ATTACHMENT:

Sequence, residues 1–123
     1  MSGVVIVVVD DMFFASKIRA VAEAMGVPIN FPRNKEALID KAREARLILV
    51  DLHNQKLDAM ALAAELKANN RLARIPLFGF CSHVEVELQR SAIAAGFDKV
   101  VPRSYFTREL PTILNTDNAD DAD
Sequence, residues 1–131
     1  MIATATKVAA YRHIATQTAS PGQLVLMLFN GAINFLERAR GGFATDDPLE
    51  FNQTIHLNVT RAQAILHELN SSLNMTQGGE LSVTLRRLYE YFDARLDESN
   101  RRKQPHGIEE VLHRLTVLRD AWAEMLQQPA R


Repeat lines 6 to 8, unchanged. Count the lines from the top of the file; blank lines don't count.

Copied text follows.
     1  MIATATKVAA YRHIATQTAS PGQLVLMLFN GAINFLERAR GGFATDDPLE
    51  FNQTIHLNVT RAQAILHELN SSLNMTQGGE LSVTLRRLYE YFDARLDESN
   101  RRKQPHGIEE VLHRLTVLRD AWAEMLQQPA R